Imagining a future where humans could be paired with androids working together to achieve peace and safety, FOX’s new drama series ALMOST HUMAN also explores wonderful themes of what it means to be human. In a press interview at the Warner Bros. Mondo International Press Tour, star Karl Urban candidly shared whether he thinks his character is learning to be more human from his synthetic partner, and how fun it is to work on a sci-fi series with such humor and soul.
What you do like about your character, John Kennex?
KARL: There’s many things, many aspects. I think, if anything, that is what I enjoy most about him, is that he can be so many different things. He can be someone who is morally centered. He can be someone who takes the law into his own hands and isn’t afraid to dispense justice as he sees it. He’s a renegade, yet he can also be a “by the book” guy. He’s a contradiction in many ways. He’s somebody who is doing his best to deal with a posttraumatic stress situation. He’s not a character that necessarily wears that on his sleeve, but that it’s in there and that you can see that, by some of his behavior. I think he’s a compassionate character. I think he cares for people; I mean, particularly the victims of his crimes. But then at the same time, in order for him to function and do his job, he can’t get too emotionally invested. Otherwise, he wouldn’t be able to do that kind of job. So I guess it’s a big barrel of contradictions with Kennex. He’s just so many different things. And that’s what makes him exciting to play. He’s fun. He’s gregarious. He’s got a great sense of humor, but he’s got an edge to him as well. And you wouldn’t want to cross him.
What is your favorite scene or episode so far from the show?
KARL: I think it was the third episode, the sexbot episode, called “Skin.” I liked that episode. I thought that it had a good mixture of comedy, of drama. I enjoyed the sort of warmth between Kennex and Dorian. I enjoyed the interaction with the child, whose mother Kennex is trying to find. To me, I thought that was a pretty good‑balanced show, and it had great depth. That wonderful scene at the end where Michael is with the android who is being decommissioned; killed, effectively, put to sleep. And it was wonderfully touching. That’s what you want in a show. We want to give the audience some fun. We want to give them some laughs. We want to give them something to think about. And we want them to feel something. And if we can do that, that’s the perfect ALMOST HUMAN episode.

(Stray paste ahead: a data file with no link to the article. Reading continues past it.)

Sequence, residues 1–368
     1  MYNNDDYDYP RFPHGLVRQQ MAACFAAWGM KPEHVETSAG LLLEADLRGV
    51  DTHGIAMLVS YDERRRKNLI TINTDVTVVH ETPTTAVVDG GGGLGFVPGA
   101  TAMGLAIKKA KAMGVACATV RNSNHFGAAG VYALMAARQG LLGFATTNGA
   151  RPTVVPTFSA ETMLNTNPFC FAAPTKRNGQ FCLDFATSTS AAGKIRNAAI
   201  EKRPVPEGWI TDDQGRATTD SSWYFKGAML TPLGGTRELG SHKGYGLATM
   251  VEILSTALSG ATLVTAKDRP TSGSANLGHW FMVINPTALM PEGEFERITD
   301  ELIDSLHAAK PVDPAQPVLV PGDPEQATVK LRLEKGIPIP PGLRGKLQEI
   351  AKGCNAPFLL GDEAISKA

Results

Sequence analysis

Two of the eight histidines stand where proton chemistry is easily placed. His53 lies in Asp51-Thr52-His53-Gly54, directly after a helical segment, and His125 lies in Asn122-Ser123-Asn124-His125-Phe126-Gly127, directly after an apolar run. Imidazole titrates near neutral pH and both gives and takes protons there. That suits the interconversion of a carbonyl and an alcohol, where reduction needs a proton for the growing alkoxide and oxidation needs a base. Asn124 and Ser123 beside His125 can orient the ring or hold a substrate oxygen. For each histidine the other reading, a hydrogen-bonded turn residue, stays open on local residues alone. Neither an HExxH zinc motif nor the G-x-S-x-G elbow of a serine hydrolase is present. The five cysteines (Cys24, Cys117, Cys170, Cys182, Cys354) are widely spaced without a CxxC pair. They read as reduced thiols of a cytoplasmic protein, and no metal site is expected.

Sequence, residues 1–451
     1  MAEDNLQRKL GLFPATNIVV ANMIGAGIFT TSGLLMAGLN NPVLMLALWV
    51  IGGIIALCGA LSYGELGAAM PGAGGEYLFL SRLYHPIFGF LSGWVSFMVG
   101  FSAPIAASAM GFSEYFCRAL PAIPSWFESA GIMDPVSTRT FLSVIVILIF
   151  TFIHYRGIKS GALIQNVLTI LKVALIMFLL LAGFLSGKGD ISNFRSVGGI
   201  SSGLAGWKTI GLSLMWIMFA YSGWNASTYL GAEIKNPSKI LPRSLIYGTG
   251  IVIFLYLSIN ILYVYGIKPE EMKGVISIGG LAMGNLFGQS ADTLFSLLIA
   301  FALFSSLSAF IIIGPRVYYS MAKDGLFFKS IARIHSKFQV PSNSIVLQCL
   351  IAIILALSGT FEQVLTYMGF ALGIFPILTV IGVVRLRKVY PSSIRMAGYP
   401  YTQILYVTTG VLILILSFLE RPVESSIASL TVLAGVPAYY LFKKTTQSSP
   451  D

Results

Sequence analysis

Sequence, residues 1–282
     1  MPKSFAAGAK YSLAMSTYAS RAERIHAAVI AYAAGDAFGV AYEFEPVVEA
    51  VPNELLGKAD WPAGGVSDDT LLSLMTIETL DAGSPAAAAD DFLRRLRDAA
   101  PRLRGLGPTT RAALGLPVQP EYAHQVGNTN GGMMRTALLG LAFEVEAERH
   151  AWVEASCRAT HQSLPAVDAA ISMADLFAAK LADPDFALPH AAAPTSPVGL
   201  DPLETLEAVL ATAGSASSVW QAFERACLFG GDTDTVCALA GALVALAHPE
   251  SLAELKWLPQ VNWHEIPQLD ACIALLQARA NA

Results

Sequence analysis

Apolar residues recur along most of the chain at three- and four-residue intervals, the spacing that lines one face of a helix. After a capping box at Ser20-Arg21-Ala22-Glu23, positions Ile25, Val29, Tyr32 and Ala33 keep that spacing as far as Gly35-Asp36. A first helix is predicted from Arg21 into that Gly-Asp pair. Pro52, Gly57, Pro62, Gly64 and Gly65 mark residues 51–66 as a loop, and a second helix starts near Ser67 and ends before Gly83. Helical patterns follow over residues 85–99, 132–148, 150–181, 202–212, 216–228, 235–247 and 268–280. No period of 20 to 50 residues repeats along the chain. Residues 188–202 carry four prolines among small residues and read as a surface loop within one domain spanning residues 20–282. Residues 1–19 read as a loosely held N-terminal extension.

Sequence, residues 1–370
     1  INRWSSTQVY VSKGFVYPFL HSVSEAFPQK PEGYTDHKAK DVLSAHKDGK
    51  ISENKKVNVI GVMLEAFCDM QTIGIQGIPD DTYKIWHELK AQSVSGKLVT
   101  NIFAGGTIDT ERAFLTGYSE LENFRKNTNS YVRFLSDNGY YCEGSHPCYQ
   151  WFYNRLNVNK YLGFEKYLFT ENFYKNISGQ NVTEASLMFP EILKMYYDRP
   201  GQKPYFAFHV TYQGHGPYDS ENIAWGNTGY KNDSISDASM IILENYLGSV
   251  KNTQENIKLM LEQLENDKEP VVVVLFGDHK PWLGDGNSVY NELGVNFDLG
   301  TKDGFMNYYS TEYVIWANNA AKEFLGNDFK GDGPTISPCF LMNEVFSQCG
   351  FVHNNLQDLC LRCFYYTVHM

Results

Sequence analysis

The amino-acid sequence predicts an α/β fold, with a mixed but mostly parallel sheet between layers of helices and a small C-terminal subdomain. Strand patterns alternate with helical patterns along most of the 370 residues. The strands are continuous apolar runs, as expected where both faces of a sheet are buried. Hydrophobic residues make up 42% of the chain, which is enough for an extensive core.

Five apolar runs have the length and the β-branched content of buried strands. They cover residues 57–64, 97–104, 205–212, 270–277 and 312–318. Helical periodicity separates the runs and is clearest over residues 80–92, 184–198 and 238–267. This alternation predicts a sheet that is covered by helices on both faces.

What do you think is the common quality that was required not only for your character, but for the whole group that is participating in this show? Ands a group, what did they have to bring to the show?
KARL: I think that the quality of this cast is really a testament to J.J. Abrams. That’s what he does so well, is put groups of people together. And ALMOST HUMAN is such a wonderful cast. And in the darkest hours when you’re in the trenches ‑‑ like last night, for example, we were shooting until 2:00 in the morning, and it was minus 14, and we are outside ‑‑ it would have been unbearable if it weren’t for the fact that I’m working with such great people. And we laugh a lot, and we’re there to support each other. We genuinely all, like each other. It makes it easy. It’s a very giving environment. Nobody is there to, in a negative way, outdo anybody else. We’re all there to contribute, to make this show as good as it can be. And that is the single agenda. I think that’s why we all get along so well.
Do you enjoy watching other TV shows that have maybe aired years ago, on DVD, Blu‑ray, or digital, catching up and seeing maybe several episodes one after another?
KARL: Yeah, I do. I haven’t obviously, of late. I’ve been far too busy to actually watch television. But most certainly. I think that’s, really clearly where television is going. People are enjoying DVR’ing it, watching it when they want to watch it, going out and buying box sets. And I certainly, have done that over the years, whether it be sort of SOPRANOS, DEADWOOD, BATTLESTAR GALACTICA. I think it’s great to be able to watch it when you want to watch it. And if you want to do a block of three or four or whatever in a row and to have that ability and then view it on your terms, it’s wonderful.
How do you think being able to watch several episodes adds to the viewing experience?
KARL: I think it enriches it, personally. I think that, having that unbroken continuity of story and character. I think it’s just a wonderful sort of luxury really, if you have the time. I certainly enjoy doing that.
You said in an interview that your favorite robots were from “Blade Runner.” Do you feel a connection between your character and Harrison Ford in that movie?